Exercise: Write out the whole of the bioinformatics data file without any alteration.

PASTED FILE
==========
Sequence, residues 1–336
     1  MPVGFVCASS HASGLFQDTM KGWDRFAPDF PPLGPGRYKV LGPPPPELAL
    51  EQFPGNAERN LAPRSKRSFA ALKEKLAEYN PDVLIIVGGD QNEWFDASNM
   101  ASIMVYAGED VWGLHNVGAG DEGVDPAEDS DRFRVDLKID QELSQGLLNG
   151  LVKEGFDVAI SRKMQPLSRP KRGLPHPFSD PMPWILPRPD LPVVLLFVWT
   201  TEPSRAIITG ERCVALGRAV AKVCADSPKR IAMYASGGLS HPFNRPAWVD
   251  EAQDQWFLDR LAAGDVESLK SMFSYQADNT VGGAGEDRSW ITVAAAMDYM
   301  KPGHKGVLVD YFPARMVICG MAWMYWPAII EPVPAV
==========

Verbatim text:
Sequence, residues 1–336
     1  MPVGFVCASS HASGLFQDTM KGWDRFAPDF PPLGPGRYKV LGPPPPELAL
    51  EQFPGNAERN LAPRSKRSFA ALKEKLAEYN PDVLIIVGGD QNEWFDASNM
   101  ASIMVYAGED VWGLHNVGAG DEGVDPAEDS DRFRVDLKID QELSQGLLNG
   151  LVKEGFDVAI SRKMQPLSRP KRGLPHPFSD PMPWILPRPD LPVVLLFVWT
   201  TEPSRAIITG ERCVALGRAV AKVCADSPKR IAMYASGGLS HPFNRPAWVD
   251  EAQDQWFLDR LAAGDVESLK SMFSYQADNT VGGAGEDRSW ITVAAAMDYM
   301  KPGHKGVLVD YFPARMVICG MAWMYWPAII EPVPAV